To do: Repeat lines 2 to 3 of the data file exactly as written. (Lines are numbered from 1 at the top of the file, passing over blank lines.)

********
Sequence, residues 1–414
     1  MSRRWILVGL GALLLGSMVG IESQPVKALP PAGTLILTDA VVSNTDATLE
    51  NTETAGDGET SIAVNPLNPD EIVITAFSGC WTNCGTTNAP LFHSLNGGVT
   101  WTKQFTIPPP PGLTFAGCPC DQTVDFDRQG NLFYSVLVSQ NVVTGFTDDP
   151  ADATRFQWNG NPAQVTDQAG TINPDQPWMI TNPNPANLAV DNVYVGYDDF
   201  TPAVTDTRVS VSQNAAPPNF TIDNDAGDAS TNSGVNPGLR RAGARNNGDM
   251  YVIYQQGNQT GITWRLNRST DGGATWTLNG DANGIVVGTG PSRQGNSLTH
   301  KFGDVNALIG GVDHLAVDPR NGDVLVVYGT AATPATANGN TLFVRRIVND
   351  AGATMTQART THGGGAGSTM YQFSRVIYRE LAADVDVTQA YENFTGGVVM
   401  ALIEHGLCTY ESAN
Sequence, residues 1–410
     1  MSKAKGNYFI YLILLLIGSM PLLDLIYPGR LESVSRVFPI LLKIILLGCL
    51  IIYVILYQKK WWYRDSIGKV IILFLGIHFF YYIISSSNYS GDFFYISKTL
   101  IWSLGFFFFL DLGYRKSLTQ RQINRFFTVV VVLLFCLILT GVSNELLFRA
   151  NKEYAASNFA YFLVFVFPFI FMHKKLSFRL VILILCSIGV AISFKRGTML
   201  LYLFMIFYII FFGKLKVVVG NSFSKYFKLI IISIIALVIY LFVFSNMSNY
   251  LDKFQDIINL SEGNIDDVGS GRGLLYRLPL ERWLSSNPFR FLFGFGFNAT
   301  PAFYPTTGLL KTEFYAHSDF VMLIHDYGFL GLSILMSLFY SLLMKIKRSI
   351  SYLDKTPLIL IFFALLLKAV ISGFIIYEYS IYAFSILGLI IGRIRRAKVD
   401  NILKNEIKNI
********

     1  MSRRWILVGL GALLLGSMVG IESQPVKALP PAGTLILTDA VVSNTDATLE
    51  NTETAGDGET SIAVNPLNPD EIVITAFSGC WTNCGTTNAP LFHSLNGGVT